Setting up a website for the first time can be overwhelming. You’ve been presented with a big, blank canvas to fill with information about your group. What should you include? How should you structure it? Does it really matter all that much?
Yes it does! Let’s talk about it.
Most of us want to feel at ease—especially in the places we visit most. We are drawn to places where our needs are met, and where we feel we belong.
The same applies to websites. If you can remember in the past visiting an ugly, disorganized website, filled with outdated information, you probably also remember the desire to get out of there and never return.
In contrast, there are probably times when you visited a site and instantly felt “at home.” It’s was likely well-organized, so you quickly found what you were looking for, and you also found other things you wanted to explore while you were there. So you lingered. You connected with the minds behind the site. You visited again.
Membership Toolkit has worked with all kinds of parent teacher organizations and has assisted with thousands of PTA websites over the years. We’ve seen it all! And we’ve collected our best tips and practices to get you started or to build on what you already have.
We are about to throw a lot of ideas at you, be selective about what you put on your website though. Don’t feel the need to implement everything. If you do, your website will be huge, hard to navigate, and hard to keep updated. Pick a few of these items to get started so your organization and your members don’t get overwhelmed.
PTA Website Ideas: Examples of What to Include
Using Your Website to Encourage Parent Participation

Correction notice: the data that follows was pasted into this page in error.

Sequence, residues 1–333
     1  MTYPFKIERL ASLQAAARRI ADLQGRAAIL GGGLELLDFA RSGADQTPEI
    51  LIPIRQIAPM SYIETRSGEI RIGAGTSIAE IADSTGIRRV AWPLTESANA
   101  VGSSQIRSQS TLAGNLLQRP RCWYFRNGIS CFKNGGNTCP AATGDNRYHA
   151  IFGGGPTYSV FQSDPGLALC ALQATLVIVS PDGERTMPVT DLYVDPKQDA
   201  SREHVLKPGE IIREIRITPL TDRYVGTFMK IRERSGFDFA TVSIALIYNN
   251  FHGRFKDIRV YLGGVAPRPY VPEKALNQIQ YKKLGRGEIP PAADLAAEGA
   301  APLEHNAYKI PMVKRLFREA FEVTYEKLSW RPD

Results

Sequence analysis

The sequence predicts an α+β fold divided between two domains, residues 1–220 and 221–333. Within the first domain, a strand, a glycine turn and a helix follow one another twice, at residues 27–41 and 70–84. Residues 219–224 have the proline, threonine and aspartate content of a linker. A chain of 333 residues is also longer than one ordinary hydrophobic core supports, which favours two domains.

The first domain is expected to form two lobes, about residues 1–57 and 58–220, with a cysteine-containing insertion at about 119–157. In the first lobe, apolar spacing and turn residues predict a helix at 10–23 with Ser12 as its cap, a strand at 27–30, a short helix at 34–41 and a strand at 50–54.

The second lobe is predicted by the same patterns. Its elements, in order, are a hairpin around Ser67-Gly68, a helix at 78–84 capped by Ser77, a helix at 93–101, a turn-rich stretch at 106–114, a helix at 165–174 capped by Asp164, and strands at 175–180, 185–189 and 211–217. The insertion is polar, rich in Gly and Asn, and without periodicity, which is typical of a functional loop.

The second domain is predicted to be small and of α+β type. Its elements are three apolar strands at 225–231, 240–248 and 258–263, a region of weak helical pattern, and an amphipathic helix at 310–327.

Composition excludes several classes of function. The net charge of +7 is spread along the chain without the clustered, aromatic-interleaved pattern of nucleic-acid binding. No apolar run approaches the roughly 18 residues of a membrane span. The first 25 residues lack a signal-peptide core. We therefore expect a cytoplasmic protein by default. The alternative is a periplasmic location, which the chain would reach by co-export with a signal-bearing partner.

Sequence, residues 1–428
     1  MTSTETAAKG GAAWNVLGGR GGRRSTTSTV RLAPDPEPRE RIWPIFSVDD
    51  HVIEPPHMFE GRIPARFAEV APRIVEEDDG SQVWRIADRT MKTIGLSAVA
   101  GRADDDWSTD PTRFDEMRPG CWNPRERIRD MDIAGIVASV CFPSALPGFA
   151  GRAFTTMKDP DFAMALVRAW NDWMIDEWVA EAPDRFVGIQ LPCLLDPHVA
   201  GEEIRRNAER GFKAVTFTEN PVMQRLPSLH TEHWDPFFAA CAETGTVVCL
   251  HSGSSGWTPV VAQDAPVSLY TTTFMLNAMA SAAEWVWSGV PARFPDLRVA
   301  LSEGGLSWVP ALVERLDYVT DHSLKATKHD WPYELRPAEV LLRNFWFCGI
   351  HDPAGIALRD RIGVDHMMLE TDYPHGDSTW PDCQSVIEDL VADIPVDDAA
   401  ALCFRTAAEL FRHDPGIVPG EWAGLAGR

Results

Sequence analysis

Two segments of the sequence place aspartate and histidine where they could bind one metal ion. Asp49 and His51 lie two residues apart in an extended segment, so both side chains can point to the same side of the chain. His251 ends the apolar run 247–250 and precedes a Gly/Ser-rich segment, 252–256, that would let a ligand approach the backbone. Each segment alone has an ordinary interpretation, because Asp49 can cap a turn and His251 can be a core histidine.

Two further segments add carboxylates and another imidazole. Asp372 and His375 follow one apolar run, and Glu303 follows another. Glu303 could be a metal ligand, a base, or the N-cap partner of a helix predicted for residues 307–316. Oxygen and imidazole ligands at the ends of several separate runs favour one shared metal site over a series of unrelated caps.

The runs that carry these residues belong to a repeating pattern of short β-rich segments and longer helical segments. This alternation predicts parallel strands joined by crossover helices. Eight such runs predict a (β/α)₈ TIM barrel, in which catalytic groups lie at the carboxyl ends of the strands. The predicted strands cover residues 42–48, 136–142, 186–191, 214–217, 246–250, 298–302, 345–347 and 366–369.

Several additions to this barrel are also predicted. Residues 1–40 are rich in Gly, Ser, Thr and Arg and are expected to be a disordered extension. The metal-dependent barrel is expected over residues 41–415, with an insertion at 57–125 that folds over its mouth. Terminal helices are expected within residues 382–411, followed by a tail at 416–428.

Make Your PTA website the Information Hub for Your Families
Creating a Clear & Professional Looking Website–How to Utilize Colors & Fonts
PTA Website Ideas:
Examples of What to Include
The 7 Most Important Things to Include on Your Website
1. The Basics
Visitors to your site will naturally want to know who you are — and what your organization exists to do.
Be sure to include:
- Your organization’s name & logo
- Your mission
- Your goals (for the year, or in general)
- Meeting dates & times
- Involvement forms
- Past newsletter
2. Names & Faces
Personal connection is how most people get actively involved in non-profit groups. Visitors need to know your organization is made up of volunteers who are much like them. These things help:
- Letter from your president
- List of board members — and their contact information
Membership Toolkit Tip: Decide with your group if board member information should only be included on a website page that is password protected so only your members have access to this info. This can help prevent phishing scams. You should always have a general email for your organization though that is visible to anyone on your site so they have an email they can use to send questions.
- Pictures of your board
(This isn’t just for the vanity of your board. Seeing faces helps members make connections in real life, and those connections make involvement less intimidating.)
- List of committee members
- Open positions on your board or committee chairs
3. Event Calendars
Be a one-stop shop for current information about what is going on in your group:
- Board meetings
- Special events/holidays
- Conference dates
4. Members-Only Pages
Your website is a handy place to keep documents that exclusively benefit your members. However, those files should be posted only on website pages that only members can access.
- Financial reports
- Meeting minutes
- Secure online directory
5. PTA Events & Programs
When your group puts on an event, make sure members know when & where—and if they are invited! You’ll want to include all the key details in one location:
- Dates of all upcoming programs
- What happens at each program
- Who is invited
- Do you need to sign up & how
- Volunteer needs & how to sign up
6. Awards & Kudos Your PTA has Received